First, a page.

Bill Carey of BackstepFirefighter.com has done an excellent job analyzing firefighter deaths during search and rescue operations since 2010 in a 3 part series. What he found was that to date, there were 20 firefighter deaths during “search and rescue” operations. However, 7 of those have been dismissed from this analysis due to their nature of death. That leaves 13 firefighters who died in the line of duty while searching inside a structure that is on fire.
From 2010 to 2015, to date, 20 firefighter on-duty deaths have been recorded under the activity type ‘Search and Rescue’. Of those 20, 13 victims were involved in firefighting operations. To better understand the data presented in the general reporting from the United States Fire Administration, a breakdown of the details is presented. It is important to state that this is to give scrutiny to the data and not to lessen in any way the measure of sacrifice and commitment to service that each fallen firefighter has given. When we probe the material behind our fatalities we gain a better understanding and appreciation of what transpired and are able to make better contributions towards the efforts in reducing firefighter on-duty deaths.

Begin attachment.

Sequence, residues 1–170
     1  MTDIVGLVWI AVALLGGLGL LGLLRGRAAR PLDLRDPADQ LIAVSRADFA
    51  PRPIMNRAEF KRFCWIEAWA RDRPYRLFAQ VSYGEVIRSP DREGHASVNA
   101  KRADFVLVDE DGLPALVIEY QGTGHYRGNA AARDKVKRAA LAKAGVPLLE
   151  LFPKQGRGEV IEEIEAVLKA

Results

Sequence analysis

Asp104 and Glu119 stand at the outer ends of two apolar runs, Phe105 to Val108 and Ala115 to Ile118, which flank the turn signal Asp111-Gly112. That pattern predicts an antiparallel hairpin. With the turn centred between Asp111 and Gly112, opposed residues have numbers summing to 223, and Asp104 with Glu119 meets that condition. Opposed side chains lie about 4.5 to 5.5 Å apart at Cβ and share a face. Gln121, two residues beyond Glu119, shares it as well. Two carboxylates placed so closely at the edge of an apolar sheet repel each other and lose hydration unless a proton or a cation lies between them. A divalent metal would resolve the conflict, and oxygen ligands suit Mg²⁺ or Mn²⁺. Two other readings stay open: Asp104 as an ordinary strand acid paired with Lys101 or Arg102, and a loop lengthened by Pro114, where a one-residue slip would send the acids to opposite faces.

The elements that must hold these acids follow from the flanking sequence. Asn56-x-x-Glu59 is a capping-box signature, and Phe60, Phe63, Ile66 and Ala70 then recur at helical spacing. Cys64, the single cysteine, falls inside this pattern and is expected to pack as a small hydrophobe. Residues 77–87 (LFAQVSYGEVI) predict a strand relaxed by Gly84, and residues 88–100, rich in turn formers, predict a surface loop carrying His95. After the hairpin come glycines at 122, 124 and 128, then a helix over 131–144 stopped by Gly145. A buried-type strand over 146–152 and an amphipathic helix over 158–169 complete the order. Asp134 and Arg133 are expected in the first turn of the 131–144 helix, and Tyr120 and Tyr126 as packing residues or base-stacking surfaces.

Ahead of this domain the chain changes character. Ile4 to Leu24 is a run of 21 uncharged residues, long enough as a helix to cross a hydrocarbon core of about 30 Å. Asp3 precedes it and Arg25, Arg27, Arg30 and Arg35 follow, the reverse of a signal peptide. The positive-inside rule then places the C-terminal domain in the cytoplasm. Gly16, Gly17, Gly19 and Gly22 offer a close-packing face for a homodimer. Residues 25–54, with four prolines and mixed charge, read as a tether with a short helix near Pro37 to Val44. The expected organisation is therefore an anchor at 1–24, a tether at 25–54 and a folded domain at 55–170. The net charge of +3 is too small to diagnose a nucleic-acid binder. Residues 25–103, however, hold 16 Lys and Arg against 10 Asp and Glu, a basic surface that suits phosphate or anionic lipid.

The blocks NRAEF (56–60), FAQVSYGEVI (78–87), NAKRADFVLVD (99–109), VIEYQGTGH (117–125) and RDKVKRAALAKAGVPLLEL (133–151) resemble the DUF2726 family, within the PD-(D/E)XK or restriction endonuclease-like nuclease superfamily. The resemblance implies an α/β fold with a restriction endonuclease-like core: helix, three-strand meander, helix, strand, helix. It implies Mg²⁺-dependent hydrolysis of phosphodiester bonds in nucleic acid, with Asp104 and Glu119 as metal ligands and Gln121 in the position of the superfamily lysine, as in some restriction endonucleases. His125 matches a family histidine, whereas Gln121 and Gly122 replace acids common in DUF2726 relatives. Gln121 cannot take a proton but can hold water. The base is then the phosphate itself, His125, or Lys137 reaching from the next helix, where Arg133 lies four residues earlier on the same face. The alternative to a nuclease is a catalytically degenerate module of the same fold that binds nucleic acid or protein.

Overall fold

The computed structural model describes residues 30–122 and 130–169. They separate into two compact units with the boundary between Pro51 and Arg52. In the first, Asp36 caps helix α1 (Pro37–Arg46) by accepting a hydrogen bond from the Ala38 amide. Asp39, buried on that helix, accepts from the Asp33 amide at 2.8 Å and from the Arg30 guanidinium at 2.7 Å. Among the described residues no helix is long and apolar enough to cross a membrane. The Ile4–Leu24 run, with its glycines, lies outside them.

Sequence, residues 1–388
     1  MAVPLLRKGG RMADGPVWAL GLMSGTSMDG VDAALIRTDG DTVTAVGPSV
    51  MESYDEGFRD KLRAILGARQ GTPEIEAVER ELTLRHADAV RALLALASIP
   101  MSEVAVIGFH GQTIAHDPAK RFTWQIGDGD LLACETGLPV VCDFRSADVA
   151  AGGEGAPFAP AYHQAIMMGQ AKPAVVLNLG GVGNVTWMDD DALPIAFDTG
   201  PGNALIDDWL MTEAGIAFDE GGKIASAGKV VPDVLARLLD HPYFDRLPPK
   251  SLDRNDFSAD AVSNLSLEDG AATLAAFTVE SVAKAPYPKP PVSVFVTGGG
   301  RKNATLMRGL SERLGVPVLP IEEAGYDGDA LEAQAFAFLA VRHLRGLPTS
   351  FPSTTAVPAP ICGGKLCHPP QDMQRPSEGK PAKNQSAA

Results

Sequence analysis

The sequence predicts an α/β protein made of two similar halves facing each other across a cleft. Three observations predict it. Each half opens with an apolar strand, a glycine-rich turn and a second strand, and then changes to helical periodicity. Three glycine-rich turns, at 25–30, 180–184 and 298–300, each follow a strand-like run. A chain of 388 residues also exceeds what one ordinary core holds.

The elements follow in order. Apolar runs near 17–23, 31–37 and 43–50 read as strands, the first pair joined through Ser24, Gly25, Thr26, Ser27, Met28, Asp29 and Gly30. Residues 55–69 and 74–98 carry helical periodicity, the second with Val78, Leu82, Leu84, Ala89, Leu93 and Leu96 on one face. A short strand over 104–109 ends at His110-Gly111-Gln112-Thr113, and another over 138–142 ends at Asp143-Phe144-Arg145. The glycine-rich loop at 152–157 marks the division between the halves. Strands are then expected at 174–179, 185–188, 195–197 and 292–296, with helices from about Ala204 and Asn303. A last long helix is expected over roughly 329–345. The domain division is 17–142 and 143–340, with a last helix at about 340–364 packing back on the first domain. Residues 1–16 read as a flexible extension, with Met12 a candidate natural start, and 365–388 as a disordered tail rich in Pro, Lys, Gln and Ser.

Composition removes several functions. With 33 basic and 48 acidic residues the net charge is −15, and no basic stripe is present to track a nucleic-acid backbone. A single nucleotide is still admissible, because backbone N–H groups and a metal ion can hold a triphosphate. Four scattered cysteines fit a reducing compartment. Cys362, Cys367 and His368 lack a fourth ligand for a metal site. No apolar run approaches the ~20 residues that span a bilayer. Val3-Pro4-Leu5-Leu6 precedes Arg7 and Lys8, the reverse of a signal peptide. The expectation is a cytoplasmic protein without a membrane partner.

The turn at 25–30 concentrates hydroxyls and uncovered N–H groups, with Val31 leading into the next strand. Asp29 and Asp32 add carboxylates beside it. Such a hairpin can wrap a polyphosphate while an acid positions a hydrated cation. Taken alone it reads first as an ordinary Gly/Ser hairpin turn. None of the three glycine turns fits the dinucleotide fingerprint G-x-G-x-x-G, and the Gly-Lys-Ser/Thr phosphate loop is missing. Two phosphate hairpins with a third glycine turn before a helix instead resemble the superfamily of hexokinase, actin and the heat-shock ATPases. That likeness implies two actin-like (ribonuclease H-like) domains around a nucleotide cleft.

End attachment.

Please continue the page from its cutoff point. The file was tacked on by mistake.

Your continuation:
I commend Bill for such a detailed look at these deaths so that we can learn from them in an effort to keep them from happening again. Obviously we have dangerous jobs. We simply cannot remove all danger when we are operating on scene. But maybe we can spare a future incident by learning from the past.
The first part will introduce the data and go into detail on the general numbers as well as the cause and nature of death and the fire buildings. The second part will look at the fires and firefighters in each incident and their related NIOSH investigation reports. The final part will review contrasts between USFA data and NIOSH reports, summarize the findings and present items for further discussion and investigation.
The second part of this three part series looks at the fires and firefighters related to the fatality data in the time period discussed. To refresh, this series is looking at the details in the on-duty death data under the activity type ‘Search and Rescue’ from 2010 to present. Only those that occurred inside a burning structure are being reviewed.
The final part of this series of review of firefighter fatalities looks at contrasts between what is reported as notification of the victims’ deaths and what is later learned from federal and department investigative reports. A look at generalizations on the subject and some cultural fallacies will also help us conclude this series.